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Wind and solar power are cheap, climate-friendly, and set to become mainstays of future energy supplies. But the energy generated varies greatly depending on the region. Which mix makes sense?
Modern wind turbines are more efficient and generate up to 20 times more electricity than they did 25 years ago. They are taller, larger and have longer blades. According to the investment bank Lazard, generating wind power from new plants costs 72% less today than in 2009.
That's made it one of the cheapest energy sources on the planet.
Electricity from windy regions on the coast now costs €0.04-0.05 ($0.05-0.06) per kilowatt hour (kWh), while in places with weaker wind it is €0.06-0.08, according to a study by the German-based research organization Fraunhofer Institute for Solar Energy Systems. For offshore plants in the sea, a kilowatt hour costs about €0.1 because they cost more to install and maintain.
By comparison, the price of photovoltaics have also fallen sharply — around 90% since 2009 — bringing electricity from a solar farm down to €0.02-0.06/kWh. But new power plants for other energy sources still cost more. A kilowatt hour of electricity from fossil gas costs around €0.11 cents, coal-fired electricity €0.16 and nuclear electricity €0.14-0.19.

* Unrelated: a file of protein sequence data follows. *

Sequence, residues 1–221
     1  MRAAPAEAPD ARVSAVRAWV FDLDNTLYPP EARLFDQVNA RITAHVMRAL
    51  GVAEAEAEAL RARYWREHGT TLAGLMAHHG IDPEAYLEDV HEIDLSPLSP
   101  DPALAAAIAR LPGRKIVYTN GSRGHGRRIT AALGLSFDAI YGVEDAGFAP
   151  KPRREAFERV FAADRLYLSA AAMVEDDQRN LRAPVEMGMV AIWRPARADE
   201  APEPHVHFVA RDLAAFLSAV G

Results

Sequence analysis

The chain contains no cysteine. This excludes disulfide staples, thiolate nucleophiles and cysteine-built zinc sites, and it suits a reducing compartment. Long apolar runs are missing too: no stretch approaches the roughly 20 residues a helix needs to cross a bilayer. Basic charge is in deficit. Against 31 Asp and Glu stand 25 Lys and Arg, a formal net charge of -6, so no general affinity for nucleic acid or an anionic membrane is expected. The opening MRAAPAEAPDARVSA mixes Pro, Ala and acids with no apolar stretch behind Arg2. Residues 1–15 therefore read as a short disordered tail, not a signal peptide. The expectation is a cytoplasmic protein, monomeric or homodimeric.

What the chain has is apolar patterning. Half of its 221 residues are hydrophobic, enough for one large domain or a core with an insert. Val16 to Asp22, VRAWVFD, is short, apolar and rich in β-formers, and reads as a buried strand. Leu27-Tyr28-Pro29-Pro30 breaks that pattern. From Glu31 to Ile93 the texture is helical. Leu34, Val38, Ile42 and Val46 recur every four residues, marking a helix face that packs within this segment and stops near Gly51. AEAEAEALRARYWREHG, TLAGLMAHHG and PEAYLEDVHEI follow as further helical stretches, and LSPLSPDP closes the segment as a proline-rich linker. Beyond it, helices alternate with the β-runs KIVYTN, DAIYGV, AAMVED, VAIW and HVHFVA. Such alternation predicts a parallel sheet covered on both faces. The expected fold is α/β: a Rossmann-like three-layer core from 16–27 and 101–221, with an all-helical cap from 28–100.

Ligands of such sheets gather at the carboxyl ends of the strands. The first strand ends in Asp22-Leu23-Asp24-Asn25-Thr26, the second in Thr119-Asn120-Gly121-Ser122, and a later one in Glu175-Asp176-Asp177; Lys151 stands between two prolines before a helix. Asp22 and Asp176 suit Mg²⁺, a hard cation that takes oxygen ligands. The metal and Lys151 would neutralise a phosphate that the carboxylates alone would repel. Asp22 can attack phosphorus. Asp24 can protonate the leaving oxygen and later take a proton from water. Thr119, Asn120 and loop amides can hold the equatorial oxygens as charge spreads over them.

Energy researchers assume that wind and solar power will become 20-50% cheaper by 2030 as the technology develops.
Experts say wind and solar energy could cover more than 95% of total global energy demand in the future. But depending on the region, different combinations make sense. This could include hydropower, batteries, electrolyzers to make hydrogen and synthetic fuels, as well as other storage and conversion technologies, said Christian Breyer, a solar economy professor from LUT University in Finland.
A study his team published in the journal Energy found it would be cheapest to generate about 76% percent of global energy demand with solar power and 20% with wind power. In regions with little sunshine, however, the share of wind power would be significantly higher: more than 90% in northern parts of Russia, 81% in the mid-west of the US, about 72% in northern China and about 50% in countries in central and northern Europe like Poland, the Netherlands, Great Britain and France. In Germany, the share of wind energy to cover the entire energy demand would be 31%.